The summer has finally come to an end. The train heads along through I town I once visited, in what seems like another lifetime. It must have only been a year or two but things have changed and moved so quickly. The first reds have started making their way down the deciduous trees, adding their colour to the last of the wildflowers. I think it’s common in these days of easy travel to yearn for exotic destinations and extensive travel but this landscape is still strange to me. Green fields are broken up by shrubs and tree windbreaks. Brick houses can occasionally be seen in the little towns we pass by. There are streams and hills, occasionally we skirt a lake, and I feel like the littlest hobo in the sun-faded scenery. Recently a friend posted pictures from their trip to Iowa and I was unexpectedly struck with homesickness for the prairies. There was a time when I hated driving by the canola fields and cattle, flat canvases punctuated by hay bales and mountains on the horizon. Enough time, little as it is, has passed that I can now begin to feel wistful, for rather than annoyed by, my home province.
I have finally passed a full summer in Montreal. It went by fast, wild, and busy. I can’t believe it’s over and I’m heartbroken to see it go. I have an unfortunate love for ephemeral things, flowers being the most obvious among them but also spring, autumn colours, intimate connections, and youth. I decided to finish this fast-paced season with a final challenge, my first tour. Of course, it wasn’t enough that I just take a bus to Toronto or Ottawa, and I still don’t miss Alberta or British Columbia enough yet to head that far west. My meeting and befriending the unstoppable Addy Finch seemed like a good reason to head to the US and join her for a trip to Chicago. Now it’s over and on this train home I write and mourn, adding the adventures and the discovery of a new and deep friendship, to the list of events that have taken place this brief summer. This week I will return to class, anchored again by some greater commitment other than my own whims. It’s hard not to feel claustrophobic shouldering these old expectations again.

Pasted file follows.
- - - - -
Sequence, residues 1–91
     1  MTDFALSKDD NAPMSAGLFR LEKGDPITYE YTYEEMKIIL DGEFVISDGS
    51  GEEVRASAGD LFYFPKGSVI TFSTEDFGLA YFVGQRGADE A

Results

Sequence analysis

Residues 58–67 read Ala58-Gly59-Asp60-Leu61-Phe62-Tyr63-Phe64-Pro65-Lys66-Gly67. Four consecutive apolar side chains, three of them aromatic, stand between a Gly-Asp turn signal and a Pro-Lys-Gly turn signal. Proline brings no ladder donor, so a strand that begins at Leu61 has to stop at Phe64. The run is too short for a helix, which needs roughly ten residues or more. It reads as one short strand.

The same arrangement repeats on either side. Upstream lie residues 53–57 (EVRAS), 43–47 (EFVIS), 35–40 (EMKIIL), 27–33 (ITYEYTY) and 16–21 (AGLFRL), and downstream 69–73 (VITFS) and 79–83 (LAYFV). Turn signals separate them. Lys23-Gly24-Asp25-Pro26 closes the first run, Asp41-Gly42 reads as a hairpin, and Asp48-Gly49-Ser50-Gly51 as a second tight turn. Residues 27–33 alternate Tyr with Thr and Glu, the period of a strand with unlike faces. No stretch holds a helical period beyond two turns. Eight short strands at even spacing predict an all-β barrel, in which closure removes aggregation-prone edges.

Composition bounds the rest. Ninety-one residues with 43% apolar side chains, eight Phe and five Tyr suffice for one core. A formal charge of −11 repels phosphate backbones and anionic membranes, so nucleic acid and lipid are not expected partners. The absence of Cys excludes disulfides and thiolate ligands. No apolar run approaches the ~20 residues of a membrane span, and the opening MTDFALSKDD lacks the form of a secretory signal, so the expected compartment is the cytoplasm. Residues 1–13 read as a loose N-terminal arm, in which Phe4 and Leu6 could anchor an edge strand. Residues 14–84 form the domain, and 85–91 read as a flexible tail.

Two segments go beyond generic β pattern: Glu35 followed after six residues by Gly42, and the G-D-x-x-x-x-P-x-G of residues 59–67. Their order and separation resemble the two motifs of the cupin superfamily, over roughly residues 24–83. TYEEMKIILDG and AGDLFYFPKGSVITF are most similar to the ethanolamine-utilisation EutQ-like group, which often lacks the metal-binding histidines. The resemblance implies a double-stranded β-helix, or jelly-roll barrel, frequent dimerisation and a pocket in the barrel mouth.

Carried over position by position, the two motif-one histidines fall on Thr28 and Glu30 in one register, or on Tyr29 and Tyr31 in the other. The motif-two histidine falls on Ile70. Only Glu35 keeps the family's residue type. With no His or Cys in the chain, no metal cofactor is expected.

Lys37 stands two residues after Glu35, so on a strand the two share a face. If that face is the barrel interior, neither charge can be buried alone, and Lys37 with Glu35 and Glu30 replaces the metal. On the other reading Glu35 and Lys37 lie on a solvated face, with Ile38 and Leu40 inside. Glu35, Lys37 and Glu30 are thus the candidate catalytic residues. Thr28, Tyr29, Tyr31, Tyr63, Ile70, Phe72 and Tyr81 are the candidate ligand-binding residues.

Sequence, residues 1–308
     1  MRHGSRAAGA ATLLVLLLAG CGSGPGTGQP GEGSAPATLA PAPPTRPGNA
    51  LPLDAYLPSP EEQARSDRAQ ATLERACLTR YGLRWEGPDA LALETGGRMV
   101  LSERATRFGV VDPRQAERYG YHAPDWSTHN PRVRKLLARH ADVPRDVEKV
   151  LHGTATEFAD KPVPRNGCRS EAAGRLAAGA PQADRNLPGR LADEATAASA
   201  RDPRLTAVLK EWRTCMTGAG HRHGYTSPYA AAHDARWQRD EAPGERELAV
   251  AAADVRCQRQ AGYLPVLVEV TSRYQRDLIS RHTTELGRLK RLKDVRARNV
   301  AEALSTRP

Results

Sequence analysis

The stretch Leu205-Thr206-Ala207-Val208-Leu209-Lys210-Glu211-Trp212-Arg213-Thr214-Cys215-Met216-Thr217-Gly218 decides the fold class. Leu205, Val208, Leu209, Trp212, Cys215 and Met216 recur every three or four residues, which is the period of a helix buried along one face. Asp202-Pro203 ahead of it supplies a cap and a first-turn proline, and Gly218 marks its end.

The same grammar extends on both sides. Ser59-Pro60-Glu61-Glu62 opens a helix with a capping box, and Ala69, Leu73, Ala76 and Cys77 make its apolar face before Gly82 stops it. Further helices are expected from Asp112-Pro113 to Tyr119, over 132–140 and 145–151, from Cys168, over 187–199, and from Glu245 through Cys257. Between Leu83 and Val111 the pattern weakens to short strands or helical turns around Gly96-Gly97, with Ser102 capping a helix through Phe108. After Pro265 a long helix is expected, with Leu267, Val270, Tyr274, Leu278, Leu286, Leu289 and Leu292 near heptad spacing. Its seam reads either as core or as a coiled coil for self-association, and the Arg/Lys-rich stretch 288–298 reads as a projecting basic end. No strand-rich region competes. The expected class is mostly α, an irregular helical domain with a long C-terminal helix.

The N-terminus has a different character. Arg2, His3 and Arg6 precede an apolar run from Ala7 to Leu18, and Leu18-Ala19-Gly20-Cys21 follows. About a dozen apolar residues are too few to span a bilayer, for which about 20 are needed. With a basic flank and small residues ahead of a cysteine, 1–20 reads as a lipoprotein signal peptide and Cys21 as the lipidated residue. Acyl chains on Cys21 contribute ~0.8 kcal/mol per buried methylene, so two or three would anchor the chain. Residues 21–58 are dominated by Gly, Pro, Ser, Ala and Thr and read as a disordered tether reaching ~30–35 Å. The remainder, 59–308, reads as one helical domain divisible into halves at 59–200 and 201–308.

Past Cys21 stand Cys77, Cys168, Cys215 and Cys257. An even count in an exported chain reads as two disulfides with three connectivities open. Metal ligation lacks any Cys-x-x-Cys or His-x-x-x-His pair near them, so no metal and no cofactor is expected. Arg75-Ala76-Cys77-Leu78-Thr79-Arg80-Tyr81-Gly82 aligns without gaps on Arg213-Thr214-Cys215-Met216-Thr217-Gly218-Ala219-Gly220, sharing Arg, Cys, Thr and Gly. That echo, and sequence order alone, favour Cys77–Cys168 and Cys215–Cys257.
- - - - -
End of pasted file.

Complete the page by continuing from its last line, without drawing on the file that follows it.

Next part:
I’ll confess to not seeing much of Chicago. It was a successful visit in terms of meeting new and wonderful people but this did not leave much time for sight seeing. If anything, my next visit to Chicago will be soon, if only that I may see all of the museums and sites that I missed. Chicago Institute of Art, I will visit you and I will visit you multiple times, that is a promise. Dreihaus Museum, you’re not forgotten either.
Not only do I have some site seeing in Chicago left to do, I did not nearly plan enough time for Detroit, a city for which I have always had a deep sense of curiousity. My brief time there only served to stoke this curiousity. Metro Detroit is an immediately arresting place, there is a lot there to grab the imagination and this is partially due to the diverse historical architecture. Coming from a young city, I’m always taken in by anything that looks like it was built before the 60’s. Detroit has amazing Art Deco skyscrapers, neo-classical edifices, Gothic Revival churches, post-modern contemporary buildings, all squished together in little clusters of anachronism. We drove by the Joe Louis fist as Addy recounted the history of Detroit and its fall, part historian, part tour guide, part expert insider. She took me to King’s Books where I was immediately swept up by the old and sometimes forgotten tomes of knowledge, made obsolete by time itself. We then headed to the Heidelburg Project, an artistic statement on blighted neighbourhoods. Strangely, the instalments elicited both feelings of melancholy and quiet optimism.
I wonder how many ghosts live in the abandon buildings that can be found throughout downtown. The empty structures sit, leering at you with broken windows and burnt out roofs, cognizant of the fact that they once used to be handsome, cutting edge, assured of long, profitable and inhabited futures. They are abandoned dreams and forgotten hope, left behind by time and memory. Who built them and what plans had they laid alongside those foundations? I found in Detroit a fascination that matched my expectations of the place. The old buildings of Detroit embody my fear and anxiety for the passage of time and my ill-fated love for impermanent things: everything dies. And even as these things die and decay, new things come along, another movement in the ebb and flow of life. Detroit has worked to heal itself and new dreams and communities have been forged out of the old. Nothing will bring the dreams of the original people and buildings back but new ones will be founded and perhaps founder in their turn. All I know is that I miss Addy, and I’ll have to go back soon.